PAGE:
The building's exterior will reflect the residential character desired by the client and in keeping with the neighboring community. Brick, cementitious siding and columns, and porches will be combined with attractive windows and sloped roofs to create a “residential village” of patient units, treatment mall areas, and clinical space. Outdoor patient areas will consist of four internal courtyards as well as two external secure areas, all designed to ensure patient safety while providing a relaxing and therapeutic environment. The courtyards, each of a unique design character, will be strategically located to assist in wayfinding throughout the facility.
When opened in 2010, the Adult Mental Health Treatment Center will be a state-of-the-art behavioral healthcare facility representing an exciting evolution in Eastern State Hospital's rich history, one that would amaze the patients and staff of the hospital's founding facility in 1773.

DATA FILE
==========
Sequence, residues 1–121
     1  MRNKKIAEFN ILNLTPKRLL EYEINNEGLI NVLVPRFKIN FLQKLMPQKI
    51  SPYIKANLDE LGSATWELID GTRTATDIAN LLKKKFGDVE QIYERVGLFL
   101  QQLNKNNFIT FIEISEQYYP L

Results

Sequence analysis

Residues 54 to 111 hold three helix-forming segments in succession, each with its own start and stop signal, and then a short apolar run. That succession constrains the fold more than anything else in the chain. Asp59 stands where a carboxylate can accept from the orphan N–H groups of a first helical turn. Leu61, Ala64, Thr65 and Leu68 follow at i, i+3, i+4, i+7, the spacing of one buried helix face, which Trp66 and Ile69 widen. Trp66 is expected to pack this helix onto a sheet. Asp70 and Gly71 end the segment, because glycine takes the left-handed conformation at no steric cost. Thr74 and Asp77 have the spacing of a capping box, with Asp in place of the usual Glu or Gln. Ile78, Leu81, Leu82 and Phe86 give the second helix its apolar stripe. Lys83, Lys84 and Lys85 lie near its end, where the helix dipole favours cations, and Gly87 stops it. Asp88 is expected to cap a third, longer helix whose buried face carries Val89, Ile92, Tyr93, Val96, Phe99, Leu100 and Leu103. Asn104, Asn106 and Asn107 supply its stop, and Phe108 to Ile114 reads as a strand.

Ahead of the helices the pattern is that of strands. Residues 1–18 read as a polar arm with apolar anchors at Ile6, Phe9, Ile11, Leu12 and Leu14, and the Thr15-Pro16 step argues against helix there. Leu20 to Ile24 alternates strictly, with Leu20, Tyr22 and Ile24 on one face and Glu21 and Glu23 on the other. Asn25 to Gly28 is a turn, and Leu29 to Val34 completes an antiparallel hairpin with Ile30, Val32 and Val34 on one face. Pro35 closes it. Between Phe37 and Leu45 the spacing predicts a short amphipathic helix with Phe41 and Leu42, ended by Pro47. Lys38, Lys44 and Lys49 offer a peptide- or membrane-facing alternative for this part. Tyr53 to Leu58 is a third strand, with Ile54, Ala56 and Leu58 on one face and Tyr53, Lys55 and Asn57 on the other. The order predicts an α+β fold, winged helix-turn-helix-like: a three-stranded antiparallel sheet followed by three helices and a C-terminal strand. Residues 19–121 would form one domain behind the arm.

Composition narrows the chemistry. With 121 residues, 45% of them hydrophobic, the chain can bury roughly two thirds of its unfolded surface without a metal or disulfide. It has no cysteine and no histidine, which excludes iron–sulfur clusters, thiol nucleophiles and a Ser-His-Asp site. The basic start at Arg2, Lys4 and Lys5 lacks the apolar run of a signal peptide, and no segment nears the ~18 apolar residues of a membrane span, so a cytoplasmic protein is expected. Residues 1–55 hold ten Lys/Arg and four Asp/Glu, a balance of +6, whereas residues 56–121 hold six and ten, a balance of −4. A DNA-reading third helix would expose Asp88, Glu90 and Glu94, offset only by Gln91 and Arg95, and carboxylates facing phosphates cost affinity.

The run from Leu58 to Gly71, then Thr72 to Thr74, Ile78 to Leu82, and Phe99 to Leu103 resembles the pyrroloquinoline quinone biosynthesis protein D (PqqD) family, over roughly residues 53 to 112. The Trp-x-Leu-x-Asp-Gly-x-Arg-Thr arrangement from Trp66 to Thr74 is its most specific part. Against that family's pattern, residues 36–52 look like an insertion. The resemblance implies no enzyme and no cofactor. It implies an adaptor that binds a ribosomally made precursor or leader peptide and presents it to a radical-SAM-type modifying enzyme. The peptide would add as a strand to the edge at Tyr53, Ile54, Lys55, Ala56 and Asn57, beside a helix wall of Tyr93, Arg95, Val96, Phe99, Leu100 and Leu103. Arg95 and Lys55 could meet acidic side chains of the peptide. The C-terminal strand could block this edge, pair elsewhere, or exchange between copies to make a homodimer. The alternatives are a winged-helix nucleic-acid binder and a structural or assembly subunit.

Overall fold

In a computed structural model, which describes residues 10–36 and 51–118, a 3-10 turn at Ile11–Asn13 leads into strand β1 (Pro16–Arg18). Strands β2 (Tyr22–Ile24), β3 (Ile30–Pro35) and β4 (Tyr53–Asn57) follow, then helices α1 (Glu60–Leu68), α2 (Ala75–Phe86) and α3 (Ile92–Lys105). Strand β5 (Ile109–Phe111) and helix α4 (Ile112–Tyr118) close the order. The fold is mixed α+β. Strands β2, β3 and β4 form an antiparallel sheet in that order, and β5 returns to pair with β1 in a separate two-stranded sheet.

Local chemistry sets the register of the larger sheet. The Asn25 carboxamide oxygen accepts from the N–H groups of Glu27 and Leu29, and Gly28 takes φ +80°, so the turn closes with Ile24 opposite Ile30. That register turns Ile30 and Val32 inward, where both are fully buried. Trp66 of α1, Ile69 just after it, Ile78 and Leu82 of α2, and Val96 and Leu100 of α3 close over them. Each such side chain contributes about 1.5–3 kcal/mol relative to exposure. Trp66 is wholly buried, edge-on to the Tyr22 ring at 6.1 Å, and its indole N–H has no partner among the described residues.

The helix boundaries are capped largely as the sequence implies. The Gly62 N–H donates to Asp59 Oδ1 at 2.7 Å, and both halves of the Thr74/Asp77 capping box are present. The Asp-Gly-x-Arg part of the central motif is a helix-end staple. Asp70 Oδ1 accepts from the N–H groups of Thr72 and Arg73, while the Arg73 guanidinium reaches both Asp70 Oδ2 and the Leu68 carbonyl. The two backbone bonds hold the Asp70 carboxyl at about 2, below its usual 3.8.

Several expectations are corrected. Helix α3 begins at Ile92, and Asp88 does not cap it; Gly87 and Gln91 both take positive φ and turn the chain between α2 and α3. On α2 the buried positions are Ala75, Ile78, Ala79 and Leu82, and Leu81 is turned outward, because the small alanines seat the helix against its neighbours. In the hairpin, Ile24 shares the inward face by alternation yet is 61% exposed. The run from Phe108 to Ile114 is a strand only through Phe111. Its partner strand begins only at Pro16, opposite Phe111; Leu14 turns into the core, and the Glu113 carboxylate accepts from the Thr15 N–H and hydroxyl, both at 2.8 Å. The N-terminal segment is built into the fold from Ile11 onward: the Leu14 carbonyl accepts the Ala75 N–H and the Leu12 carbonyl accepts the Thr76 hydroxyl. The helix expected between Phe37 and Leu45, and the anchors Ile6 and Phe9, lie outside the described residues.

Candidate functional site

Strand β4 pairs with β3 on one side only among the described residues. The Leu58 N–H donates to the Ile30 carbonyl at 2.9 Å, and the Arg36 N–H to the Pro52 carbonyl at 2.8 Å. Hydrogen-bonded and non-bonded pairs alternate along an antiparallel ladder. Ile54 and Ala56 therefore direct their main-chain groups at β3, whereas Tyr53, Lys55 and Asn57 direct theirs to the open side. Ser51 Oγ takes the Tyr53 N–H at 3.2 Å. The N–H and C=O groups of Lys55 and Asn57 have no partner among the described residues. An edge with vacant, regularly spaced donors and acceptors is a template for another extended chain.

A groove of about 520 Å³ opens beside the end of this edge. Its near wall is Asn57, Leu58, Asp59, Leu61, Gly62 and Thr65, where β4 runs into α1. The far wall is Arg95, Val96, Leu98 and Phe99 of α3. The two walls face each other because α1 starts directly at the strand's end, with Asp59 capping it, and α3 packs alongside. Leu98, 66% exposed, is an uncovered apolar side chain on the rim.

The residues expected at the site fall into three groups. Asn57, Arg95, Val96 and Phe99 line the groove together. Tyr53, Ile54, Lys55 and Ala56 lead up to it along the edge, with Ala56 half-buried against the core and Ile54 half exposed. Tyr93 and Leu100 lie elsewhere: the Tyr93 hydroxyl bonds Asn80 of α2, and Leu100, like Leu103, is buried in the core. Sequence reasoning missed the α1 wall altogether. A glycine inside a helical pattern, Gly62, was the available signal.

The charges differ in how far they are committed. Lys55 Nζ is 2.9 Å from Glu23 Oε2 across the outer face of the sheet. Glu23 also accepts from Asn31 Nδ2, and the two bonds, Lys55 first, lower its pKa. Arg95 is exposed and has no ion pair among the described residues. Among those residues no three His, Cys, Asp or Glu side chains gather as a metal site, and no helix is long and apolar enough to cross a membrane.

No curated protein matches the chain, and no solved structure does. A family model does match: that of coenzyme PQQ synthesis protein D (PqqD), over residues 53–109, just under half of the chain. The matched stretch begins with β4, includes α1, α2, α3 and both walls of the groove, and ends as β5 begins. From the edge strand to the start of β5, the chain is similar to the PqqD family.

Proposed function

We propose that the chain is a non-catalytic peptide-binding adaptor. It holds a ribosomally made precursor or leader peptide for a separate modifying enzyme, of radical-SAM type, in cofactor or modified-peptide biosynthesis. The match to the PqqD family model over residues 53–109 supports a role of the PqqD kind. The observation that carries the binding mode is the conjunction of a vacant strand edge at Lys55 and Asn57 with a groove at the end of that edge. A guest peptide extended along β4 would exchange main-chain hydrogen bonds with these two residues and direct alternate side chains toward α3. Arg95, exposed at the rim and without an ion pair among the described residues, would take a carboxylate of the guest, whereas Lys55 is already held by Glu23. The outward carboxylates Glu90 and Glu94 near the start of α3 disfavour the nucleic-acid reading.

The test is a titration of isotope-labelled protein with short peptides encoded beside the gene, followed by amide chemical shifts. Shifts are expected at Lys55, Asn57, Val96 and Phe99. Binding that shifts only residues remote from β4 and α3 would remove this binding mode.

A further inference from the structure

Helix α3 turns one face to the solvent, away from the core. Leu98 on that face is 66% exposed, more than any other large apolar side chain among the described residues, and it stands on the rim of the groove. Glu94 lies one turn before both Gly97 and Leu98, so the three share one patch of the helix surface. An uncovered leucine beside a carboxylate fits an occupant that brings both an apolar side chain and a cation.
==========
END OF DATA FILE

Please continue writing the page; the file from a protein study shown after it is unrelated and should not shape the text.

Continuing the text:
Garry G. Kiskinis, PE, is a Principal of Clark Nexsen Architecture & Engineering based in its corporate headquarters in Norfolk, Virginia. With more than 30 years of professional experience, Kiskinis is an active member in the National Society of Professional Engineers and Virginia Society of Professional Engineers.
John D. Keegan, PE, is Vice-President for Gilbane Development Company. He is based in its Mid-Atlantic regional office in Tysons Corner, Virginia. A 23-year veteran of the Gilbane organization, Keegan is co-chair of the National Council for Public-Private Partnerships' Real Estate Institute.
For more information, write to him at Clark Nexsen, 6160 Kempsville Cir., Suite 200, Norfolk, VA 23509, or visit http://www.clarknexsen.com.
Behavioral Healthcare 2009 July-August;29(7):41-44